fbpx

Paddy Steinfort appointed as Performance Director of Football Australia

Paddy Steinfort is a highly credentialed and experienced addition as the new Performance Director at Football Australia.

Football Australia has announced Paddy Steinfort as the new Performance Director.

Steinfort is set to take up his role from July 1, 2021 and will arrive as a highly credentialed and experienced addition from Major League Baseball team Boston Red Sox, where he most recently held the position of Senior Performance Coach.

His impressive career features several sporting organisations and high-performance environments in Australia and the United States, with his previous roles including Philadelphia 76ers, Toronto Blue Jays, Philadelphia Eagles and Adelaide Football Club.

He was also the Managing Director of Leading Teams New Zealand, where he played a vital role developing high performance cultures, teams and leaders across a number of sports around the globe, delivering innovative and tailored programs to organisations in leadership and high performance development.

At Football Australia, Steinfort will oversee the High Performance of all national teams, including the Socceroos and Matildas.  His appointment highlights Football Australia’s strategic shift from a more administratively focused role to one dedicated towards working with the organisation’s highly experienced and skilled national team staff to enhance the high-performance environments around the national teams.

Football Australia CEO James Johnson identified Steinfort as a perfect fit for the strategic direction the organisation is heading in.

“Following an extensive recruitment process, Paddy was the stand-out from a highly competitive and global set of candidates. He brings an outstanding set of skills, cutting-edge global experience and high-performance knowledge and acumen to Football Australia,” Johnson said.

“Our national teams face some very unique challenges – players are located across the globe, they only gather a handful of times during the FIFA windows, qualification for major tournaments in Asia requires significant travel, and our players compete in some of the most demanding leagues and play for some of the most high profile sporting organisations in the world.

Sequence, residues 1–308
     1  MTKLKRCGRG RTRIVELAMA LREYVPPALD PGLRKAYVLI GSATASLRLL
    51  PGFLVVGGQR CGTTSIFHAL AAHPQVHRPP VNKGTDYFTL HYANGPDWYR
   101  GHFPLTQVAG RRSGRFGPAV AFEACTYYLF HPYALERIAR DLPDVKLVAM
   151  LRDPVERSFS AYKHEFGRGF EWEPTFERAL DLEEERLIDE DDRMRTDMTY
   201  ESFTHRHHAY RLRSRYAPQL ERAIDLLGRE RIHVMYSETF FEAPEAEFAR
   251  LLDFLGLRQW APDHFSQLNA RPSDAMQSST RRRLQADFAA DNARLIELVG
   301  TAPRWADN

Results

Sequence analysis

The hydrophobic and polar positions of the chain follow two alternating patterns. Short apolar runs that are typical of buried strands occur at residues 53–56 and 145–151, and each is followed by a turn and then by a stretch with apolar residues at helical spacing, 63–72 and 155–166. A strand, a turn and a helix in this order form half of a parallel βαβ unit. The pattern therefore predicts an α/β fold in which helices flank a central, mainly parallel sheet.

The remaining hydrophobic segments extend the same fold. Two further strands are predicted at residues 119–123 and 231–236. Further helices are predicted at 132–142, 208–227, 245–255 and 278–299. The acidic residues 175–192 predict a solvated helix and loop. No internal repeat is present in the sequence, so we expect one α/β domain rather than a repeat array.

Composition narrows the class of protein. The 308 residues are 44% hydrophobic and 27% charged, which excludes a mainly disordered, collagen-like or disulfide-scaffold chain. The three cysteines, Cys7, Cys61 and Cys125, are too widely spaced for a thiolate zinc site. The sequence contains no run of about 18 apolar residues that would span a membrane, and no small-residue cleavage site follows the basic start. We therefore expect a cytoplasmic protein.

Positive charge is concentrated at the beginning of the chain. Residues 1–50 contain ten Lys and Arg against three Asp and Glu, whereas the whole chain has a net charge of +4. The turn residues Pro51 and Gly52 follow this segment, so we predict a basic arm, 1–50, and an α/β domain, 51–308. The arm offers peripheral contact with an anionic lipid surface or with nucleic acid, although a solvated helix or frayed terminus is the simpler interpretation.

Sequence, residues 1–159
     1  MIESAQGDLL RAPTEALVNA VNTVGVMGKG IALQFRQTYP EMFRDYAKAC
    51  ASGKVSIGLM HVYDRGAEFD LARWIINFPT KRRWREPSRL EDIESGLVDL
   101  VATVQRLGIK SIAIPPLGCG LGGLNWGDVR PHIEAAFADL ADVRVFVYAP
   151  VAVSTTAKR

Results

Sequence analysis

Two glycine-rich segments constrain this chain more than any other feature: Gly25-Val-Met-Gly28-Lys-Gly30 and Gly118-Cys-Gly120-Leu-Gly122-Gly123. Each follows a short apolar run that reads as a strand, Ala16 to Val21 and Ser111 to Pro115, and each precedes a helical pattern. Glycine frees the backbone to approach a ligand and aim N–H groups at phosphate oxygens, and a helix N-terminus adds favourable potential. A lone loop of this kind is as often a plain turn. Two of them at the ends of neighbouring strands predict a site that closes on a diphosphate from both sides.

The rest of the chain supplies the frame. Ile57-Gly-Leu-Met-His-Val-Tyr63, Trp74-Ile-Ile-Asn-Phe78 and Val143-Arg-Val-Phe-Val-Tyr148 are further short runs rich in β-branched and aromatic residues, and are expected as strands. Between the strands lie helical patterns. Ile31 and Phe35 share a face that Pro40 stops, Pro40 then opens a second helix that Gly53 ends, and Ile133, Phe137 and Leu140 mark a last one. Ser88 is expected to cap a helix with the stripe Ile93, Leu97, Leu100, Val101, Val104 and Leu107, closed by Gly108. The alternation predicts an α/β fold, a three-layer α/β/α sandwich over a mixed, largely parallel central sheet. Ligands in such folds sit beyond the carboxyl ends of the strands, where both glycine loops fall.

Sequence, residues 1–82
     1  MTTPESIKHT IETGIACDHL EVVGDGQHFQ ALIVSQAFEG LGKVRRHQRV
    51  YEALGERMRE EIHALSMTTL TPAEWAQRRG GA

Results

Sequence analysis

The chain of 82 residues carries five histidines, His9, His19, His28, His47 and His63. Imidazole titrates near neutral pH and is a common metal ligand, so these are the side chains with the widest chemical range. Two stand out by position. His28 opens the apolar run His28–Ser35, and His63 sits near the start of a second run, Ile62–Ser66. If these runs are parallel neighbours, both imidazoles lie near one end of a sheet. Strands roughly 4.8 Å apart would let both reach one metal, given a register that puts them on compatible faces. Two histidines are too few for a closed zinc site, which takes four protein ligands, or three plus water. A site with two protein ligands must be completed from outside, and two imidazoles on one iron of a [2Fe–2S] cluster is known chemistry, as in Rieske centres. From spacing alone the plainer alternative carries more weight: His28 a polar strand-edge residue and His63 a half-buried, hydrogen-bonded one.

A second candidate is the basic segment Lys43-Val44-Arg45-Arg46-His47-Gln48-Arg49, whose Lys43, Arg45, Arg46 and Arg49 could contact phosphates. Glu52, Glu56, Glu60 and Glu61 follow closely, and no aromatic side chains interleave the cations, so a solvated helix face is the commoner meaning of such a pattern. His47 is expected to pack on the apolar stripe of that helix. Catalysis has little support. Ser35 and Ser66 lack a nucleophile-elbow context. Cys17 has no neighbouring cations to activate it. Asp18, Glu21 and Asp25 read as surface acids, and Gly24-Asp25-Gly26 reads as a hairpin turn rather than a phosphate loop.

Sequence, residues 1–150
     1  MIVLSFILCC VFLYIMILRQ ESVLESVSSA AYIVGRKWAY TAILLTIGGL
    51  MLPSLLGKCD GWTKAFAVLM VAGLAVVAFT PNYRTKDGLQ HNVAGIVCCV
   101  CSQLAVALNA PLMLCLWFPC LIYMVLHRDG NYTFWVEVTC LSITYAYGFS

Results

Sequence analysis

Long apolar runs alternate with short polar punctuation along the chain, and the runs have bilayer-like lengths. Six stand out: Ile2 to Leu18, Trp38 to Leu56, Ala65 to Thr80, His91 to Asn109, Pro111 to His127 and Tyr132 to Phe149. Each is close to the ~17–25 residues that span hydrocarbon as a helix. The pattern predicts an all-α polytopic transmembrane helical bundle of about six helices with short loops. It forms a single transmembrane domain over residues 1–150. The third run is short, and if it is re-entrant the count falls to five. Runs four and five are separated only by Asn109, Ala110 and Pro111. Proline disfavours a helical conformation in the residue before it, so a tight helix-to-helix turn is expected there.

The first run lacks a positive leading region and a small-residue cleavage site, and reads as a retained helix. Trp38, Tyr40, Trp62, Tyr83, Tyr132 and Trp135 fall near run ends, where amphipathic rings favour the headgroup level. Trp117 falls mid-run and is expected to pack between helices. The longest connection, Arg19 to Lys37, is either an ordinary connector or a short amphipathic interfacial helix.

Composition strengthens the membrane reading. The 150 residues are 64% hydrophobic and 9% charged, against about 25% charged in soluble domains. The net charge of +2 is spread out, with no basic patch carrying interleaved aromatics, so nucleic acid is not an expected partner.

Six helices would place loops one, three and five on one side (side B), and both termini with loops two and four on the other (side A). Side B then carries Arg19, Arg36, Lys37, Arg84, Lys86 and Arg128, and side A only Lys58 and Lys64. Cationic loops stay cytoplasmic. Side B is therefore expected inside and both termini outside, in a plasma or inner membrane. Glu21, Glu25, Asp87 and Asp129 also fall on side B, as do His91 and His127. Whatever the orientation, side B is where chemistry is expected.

“We believe that Paddy is the ideal person to help us meet the challenges of modern-day international football and at the same time develop and implement innovative performance strategies for our teams and players.  He will work in close partnership with our very experienced coaches to play a vital role in enhancing a culture of high-performance for our teams to perform at their optimum as we enter into a crucial period for our national teams.”

Head of Technical Direction, Pathways and Coach Education, Trevor Morgan applauded the appointment – who sat alongside James Johnson and Board member Amy Duggan on the recruitment panel.

“We are genuinely excited about the appointment of Paddy. He is an excellent communicator who understands the needs of elite athletes through experience he has developed across a range of professional sports at the highest level,” Morgan said.

“His appointment is well timed for our organisation and the strategic direction we are taking with our high performance and national teams.

“Paddy’s expertise and diverse skillset will help us evolve our practices with the cutting edge initiatives to improve performance on the global stage as we embark on a busy schedule of national team activity going forward.”

Liam Watson is the Managing Editor at Soccerscene. He reports widely on football policy, industry matters and technology.

New Zealand Football and Good Sports to promote positive youth sporting culture

Good Sports

New Zealand’s national governing football body, New Zealand Football, has teamed up with Good Sports to create positive sporting experiences for children by educating and supporting parents and other adult influencers in youth sport.

A further 15 national and regional sport organisations have signed up to Good Sports, which is an initiative developed by Aktive. This includes nine National Sports Organisations – Badminton NZ, Basketball NZ, Gymnastics NZ, Hockey NZ, Netball NZ, NZ Cricket, NZ Football, Snow Sports NZ, Surf Lifesaving NZ – and six Regional Sports Trusts – Active Southland, Sport Bay of Plenty, Sport Manawatu, Sport Northland, Sport Waikato and Sport Whanganui.

Aktive and Sport NZ will work closely with these organisations to implement Good Sports and develop strategies to better engage and support parents. Good Sports is well aligned with Sport NZ’s ‘Balance is Better’ philosophy and is being used as part of Sport NZ’s national parent approach.

Aktive Chief Executive Jennah Wootten says Balance is Better and Good Sports are complementary and the growing momentum will benefit tamariki, rangatahi and whānau around the country.